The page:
Guancheng finally was able to leave China with his wife and two children but he left behind other family members, friends, and other activists who continue to suffer physical and mental abuse at the hands of the state.

When I read this book, I thought of all the travel programs I have seen where people travel through the country enjoying the scenery and the food and are totally blind to this hidden aspect of life in China. Though many laws exist supposedly to protect the citizens, most are abused and the old ways of bribery and theft are carried out without consequences.

This was a stunning and brutal story of one man's attempts to improve life in China and the consequences. While the style of writing was plain and factual the story carries the reader along with Guangcheng and his battles to live and protect people. ( )
  mamzel | Jul 21, 2015 |
Those of us who are sighted and live in a free, democratic country will never fully appreciate what Guangchen Chen underwent. "The Barefoot Lawyer" is his story and talks of his fight against injustice, discrimination, and jut plain inhumane treatment. Why was he discriminated against? Because he was blind; and more importantly dared to question his treatment. Guangcheng was determined not to settle for a 'career' as a fortuneteller or storyteller which was the lot of blind people in his village. He stood up for his rights and those of other disabled people and poor villagers and paid an inordinate price. A very well-told, captivating memoir. ( )
  Writermala | Jul 4, 2015 |
This review was written for LibraryThing Early Reviewers.
This is a mind blowing story. The author has such resilience and faith that you can't help but get caught up in the emotion of the story, his story. This is not an action packed tale of espionage but an inspiring story of a man against all odds who survived to tell the The United States, the world about human rights violations and crimes, political and otherwise that are unbelievable. This is one of those life changing books, but only if you let it. Highly recommended!

Provided by publisher. ( )
  hfineisen | Jun 19, 2015 |
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Guangcheng, ChenAuthormain authorall editionsconfirmed
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In the world as we know it, are there things that are difficult, as well as things that are easy? Through action, those things that seem difficult become easy; with inaction, things that are easy become difficult.
Peng Duanshu (1699-1799), from On Studying
Bring forth all that is good in the world, and expunge all that is bad.
Mencius (372-289 BCE), from Universal Love III
One who is shut indoors may come to know the world; one who does not look out the window may understand the principles of heaven.
Laozi (Fifth century BCE), from the Dao De Jing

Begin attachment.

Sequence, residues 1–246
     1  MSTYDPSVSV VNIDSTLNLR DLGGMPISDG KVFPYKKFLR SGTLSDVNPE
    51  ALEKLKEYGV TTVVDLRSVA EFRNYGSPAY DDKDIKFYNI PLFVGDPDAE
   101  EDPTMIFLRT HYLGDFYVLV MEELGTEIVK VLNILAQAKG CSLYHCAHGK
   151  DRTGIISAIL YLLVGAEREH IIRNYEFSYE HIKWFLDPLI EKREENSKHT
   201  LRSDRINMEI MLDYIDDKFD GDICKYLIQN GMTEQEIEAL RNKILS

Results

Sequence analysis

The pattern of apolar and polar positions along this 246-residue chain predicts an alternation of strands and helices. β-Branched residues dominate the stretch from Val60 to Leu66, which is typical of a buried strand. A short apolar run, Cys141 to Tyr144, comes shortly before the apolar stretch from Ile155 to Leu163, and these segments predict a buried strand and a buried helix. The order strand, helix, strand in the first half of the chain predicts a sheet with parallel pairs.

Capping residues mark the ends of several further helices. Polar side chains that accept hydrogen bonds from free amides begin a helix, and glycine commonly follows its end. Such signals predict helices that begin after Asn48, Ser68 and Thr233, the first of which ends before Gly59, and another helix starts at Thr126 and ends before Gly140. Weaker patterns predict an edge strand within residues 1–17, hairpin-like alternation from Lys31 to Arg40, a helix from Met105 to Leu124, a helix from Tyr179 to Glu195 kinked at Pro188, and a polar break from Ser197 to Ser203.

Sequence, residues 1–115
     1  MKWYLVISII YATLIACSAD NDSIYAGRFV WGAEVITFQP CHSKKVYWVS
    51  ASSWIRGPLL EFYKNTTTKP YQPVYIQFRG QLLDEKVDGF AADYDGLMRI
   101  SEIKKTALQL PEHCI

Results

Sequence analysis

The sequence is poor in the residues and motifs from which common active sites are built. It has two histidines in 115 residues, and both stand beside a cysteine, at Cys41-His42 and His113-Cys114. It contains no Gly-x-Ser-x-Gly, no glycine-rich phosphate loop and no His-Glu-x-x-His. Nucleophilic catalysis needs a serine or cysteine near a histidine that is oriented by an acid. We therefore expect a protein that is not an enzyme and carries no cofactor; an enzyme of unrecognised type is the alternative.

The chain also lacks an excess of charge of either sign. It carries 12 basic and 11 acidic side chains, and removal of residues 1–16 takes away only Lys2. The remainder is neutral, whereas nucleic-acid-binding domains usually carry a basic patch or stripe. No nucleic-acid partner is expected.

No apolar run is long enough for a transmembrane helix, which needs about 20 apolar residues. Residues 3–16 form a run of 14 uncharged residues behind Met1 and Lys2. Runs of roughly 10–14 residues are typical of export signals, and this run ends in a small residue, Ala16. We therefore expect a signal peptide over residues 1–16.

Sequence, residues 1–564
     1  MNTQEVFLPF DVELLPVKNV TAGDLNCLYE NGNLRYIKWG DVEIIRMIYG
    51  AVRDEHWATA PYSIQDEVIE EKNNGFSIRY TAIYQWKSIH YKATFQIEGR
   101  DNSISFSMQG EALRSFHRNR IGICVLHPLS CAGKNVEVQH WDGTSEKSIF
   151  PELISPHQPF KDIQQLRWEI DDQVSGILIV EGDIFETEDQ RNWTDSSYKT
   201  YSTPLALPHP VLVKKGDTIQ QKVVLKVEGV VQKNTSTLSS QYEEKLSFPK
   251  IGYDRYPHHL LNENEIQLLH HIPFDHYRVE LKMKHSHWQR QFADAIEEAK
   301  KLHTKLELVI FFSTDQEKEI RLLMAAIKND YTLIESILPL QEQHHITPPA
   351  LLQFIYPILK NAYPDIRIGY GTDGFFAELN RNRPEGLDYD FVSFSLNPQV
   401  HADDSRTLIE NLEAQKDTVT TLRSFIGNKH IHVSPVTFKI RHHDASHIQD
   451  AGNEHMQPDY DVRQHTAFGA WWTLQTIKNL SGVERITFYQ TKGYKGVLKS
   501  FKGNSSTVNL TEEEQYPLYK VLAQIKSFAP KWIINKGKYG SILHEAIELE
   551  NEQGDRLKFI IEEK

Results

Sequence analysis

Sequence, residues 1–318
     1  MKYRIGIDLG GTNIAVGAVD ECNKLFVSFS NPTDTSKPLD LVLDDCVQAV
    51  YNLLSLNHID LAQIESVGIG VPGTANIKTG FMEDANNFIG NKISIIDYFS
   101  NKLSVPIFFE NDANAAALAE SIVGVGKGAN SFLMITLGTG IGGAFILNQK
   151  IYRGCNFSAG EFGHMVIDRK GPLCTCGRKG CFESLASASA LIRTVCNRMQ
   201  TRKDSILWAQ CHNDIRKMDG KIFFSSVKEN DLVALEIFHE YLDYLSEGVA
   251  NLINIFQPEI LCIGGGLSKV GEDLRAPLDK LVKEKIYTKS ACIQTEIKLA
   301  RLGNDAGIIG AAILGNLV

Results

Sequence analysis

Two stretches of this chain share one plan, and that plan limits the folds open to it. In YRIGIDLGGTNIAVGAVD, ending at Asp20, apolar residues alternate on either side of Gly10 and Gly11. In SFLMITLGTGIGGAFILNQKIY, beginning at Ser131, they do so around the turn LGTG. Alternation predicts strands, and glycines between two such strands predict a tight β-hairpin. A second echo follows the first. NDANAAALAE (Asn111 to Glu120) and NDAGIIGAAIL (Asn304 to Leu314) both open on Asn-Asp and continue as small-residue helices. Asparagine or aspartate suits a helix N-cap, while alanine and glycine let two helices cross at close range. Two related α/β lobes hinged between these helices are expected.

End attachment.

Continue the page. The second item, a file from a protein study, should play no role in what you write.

For my mother, Wang jinxiang;

and my wife, Yuan Weijing
First words
We watched them as they watched us.
But this moment seemed particularly quiet, and I thought of how a person’s life proceeds in stages, one after another, and how no stage can be repeated. Once a stage is over, there is no going back.
Their stories confirmed my belief that the Cultural Revolution has never ended--it has simply metastasized.
Consider the absurdity of this sprawling operation: the government had created an entire anti-Guuancheng industry, all with the aim of controlling one blind, nonviolent man.
But what troubled me most that the time was this: when negotiating with a government run by hooligans, the country that most consistently advocated for democracy, freedom, and universal human rights had simply given in.
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Amazon.com Product Description (ISBN 0805098054, Hardcover)

An electrifying memoir by the blind Chinese activist who inspired millions with the story of his fight for justice and his belief in the cause of freedom

It was like a scene out of a thriller: one morning in April 2012, China’s most famous political activist—a blind, self-taught lawyer—climbed over the wall of his heavily guarded home and escaped. Days later, he turned up at the American embassy in Beijing, and only a furious round of high-level negotiations made it possible for him to leave China and begin a new life in the United States.

Chen Guangcheng is a unique figure on the world stage, but his story is even more remarkable than anyone knew. The son of a poor farmer in rural China, blinded by illness when he was an infant, Chen was fortunate to survive a difficult childhood. But despite his disability, he was determined to educate himself and fight for the rights of his country’s poor, especially a legion of women who had endured forced sterilizations and abortions under the hated "one child" policy. Repeatedly harassed, beaten, and imprisoned by Chinese authorities, Chen was ultimately placed under house arrest. After nearly two years of increasing danger, he evaded his captors and fled to freedom.

Both a riveting memoir and a revealing portrait of modern China, The Barefoot Lawyer tells the story of a man who has never accepted limits and always believed in the power of the human spirit to overcome any obstacle.

(retrieved from Amazon Thu, 12 Mar 2015 18:08:36 -0400)

An electrifying memoir by the blind Chinese activist who inspired millions with the story of his fight for justice and his belief in the cause of freedom.